Solar sauce: How to make a sun.

If I had to choose a religion the sun as the universal giver of life would be my god

A cloud of hydrogen slowly forming into a star

-Napoleon Bonaparte

Serves – approx 7 billion

Prep time – 10 billions years

Cooking time – A few seconds


  • 3 parts Colossal Hydrogen gas cloud
  • 1 Part free Helium gas
  • A cloud of dust
  • Trace elements – season to taste
  • A pinch of gravity

This is a great little recipe that will last a long time if placed in a void-like vacuum and is a helpful addition to many other recipes. The best thing about it is that it’s self heating; just combine the ingredients then retreat several million kilometres and enjoy the show. First of all you need a good baking platform; we like to use a Big BangTM brand universe. This great little platform comes as an undefined, hot, very dense state that when activated will expand fairly rapidly. It will probably keep on expanding past the size you need but don’t worry too much about this: it’s just something the maker added to confuse the scientists that come later. It will actually provide you with a lot of laughs in about 14 billion years. Anyway, this expanding platform is awesome, though can be a little controversial: some people prefer Steady StateTM brand universes and a few still use the slightly antiquated God-Clicked-His-FingersTM model. Use whichever you like but we’ll be using the former so it’ll be referenced herein.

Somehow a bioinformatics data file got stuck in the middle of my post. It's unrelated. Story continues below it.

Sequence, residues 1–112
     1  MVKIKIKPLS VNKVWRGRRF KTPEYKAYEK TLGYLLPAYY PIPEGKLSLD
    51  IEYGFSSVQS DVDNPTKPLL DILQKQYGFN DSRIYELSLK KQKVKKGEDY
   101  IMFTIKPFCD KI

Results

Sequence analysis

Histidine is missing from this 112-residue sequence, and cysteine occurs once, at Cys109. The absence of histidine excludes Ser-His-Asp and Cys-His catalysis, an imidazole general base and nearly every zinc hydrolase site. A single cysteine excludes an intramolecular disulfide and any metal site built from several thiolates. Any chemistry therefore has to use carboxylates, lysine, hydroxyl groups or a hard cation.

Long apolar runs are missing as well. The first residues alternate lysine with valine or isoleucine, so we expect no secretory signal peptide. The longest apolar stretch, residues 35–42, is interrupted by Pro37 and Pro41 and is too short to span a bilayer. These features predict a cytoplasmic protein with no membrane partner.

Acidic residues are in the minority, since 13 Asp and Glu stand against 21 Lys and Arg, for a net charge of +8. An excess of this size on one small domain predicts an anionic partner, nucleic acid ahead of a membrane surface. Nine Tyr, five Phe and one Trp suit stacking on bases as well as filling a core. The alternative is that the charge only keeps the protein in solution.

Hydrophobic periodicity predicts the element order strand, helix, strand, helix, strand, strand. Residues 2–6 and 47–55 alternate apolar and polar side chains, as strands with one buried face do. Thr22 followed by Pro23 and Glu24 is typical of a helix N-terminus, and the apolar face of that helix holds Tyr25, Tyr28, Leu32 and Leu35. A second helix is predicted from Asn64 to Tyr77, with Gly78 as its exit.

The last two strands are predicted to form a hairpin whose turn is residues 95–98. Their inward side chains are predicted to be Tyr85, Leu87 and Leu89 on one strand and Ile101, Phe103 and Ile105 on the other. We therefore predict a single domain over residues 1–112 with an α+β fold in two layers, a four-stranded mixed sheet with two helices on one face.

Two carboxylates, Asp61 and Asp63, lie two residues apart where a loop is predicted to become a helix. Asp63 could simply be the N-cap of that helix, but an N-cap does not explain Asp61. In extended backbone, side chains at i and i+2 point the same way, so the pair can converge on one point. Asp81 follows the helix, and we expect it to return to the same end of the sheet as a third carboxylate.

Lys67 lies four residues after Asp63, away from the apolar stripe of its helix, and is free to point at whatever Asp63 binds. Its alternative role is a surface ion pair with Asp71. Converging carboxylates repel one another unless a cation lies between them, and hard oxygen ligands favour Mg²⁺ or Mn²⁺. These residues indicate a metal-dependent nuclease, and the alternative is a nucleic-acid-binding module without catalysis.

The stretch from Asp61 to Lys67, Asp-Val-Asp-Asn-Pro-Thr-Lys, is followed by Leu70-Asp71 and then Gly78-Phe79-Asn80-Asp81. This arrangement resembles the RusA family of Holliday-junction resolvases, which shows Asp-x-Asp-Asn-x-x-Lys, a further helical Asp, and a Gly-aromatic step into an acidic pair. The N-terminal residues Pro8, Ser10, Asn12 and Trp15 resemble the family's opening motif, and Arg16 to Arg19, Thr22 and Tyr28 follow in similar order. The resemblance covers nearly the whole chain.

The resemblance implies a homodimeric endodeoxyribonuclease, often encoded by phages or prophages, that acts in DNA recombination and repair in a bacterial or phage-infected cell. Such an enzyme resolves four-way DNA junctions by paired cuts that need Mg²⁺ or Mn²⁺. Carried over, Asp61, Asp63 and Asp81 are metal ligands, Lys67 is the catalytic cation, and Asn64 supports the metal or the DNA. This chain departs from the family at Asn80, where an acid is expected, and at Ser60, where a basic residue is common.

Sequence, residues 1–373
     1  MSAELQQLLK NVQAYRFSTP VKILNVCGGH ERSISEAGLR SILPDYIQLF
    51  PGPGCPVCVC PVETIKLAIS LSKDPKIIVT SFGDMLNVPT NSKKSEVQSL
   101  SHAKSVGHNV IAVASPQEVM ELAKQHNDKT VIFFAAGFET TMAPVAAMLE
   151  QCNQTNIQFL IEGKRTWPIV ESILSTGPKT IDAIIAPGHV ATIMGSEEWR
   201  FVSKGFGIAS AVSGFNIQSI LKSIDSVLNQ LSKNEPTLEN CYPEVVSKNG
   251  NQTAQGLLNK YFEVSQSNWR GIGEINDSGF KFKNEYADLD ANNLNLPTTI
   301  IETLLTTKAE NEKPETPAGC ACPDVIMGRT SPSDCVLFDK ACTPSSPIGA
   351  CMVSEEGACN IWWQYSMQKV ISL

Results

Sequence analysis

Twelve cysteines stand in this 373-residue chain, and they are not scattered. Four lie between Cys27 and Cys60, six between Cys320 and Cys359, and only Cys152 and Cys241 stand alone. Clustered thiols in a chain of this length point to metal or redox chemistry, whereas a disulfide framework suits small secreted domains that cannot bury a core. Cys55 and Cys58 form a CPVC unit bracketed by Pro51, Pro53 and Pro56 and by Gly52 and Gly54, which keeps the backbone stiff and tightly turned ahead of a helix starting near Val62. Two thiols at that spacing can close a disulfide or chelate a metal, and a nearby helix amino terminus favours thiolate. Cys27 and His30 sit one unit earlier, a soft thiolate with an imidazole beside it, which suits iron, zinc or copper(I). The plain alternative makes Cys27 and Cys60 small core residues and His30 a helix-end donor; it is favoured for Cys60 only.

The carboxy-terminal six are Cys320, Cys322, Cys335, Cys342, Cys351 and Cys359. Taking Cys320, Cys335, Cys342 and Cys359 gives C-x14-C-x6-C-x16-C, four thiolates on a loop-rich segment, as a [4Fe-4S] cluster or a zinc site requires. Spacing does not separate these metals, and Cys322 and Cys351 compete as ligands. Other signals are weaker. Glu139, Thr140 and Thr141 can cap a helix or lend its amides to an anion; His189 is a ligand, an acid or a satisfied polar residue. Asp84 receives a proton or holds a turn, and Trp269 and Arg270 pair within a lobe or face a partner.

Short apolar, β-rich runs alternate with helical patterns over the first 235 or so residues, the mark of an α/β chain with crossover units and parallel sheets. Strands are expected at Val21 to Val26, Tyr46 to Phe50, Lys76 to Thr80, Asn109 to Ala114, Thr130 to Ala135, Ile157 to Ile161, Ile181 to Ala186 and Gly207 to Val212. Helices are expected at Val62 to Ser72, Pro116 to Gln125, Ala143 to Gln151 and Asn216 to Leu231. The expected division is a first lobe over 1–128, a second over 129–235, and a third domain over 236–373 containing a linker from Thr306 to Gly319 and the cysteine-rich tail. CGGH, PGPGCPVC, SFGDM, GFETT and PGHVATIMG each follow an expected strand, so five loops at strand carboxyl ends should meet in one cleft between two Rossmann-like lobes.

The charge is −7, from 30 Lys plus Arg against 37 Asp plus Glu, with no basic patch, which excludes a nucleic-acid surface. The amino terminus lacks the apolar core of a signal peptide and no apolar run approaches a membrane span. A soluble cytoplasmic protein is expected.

Fire up your Big BangTM and in the ensuing super expansion you’ll need to locate a huge cloud of hydrogen gas. There should be plenty of the stuff floating around out there so no worries here. Hydrogen, the smallest and lightest of all the elements, will at this point comprise nearly one hundred percent of the universe’s normal matter mass and even in a few billion years will still make up 75% by weight; so it’s a nifty little midget. A few seconds after the initial resounding clap of creation that led to the universe a large proportion of the gas will have started to revolve into massive clouds that will later form the various galaxies that populate the universe. You’ll need to select a galaxy to nurse your sun in. You have a few choices; you can go for spiral, elliptical or irregular: we suggest staying away from irregular galaxies as the interference from other galaxies might one day destroy every single particle in your solar system in a massive combination event. These are great for star formation but not so great for existing stars. Once you’ve got one you’ll need to find a position to organise your hydrogen cloud. Not too close to the centre but not too far out either. That way you strike a nice balance between excess radiation and warping from gravitational effects. About 2 x 1028 tons (that’s a 2 with twenty-eight zero’s queuing up behind it) of hydrogen should do the trick though really this step is a bit like guess work. You might end up with a smaller star than you wanted but if necessary you can always add mass later by simply creating a smaller star and then crashing it straight into your original: like a game of solar marbles. This cloud will most likely already be revolving around a central point depending on how quick you were in getting to it. This revolution will speed up and draw in all sorts of goodies as it forms its own gravitational field. You’ll get a spattering of dust left over from the Big BangTM and a pinch of trace elements birthed in other, older stars. Other than hydrogen the only real mass that you’ll get is from helium. Much of this will be created as the hydrogen disc revolves and pressure builds up.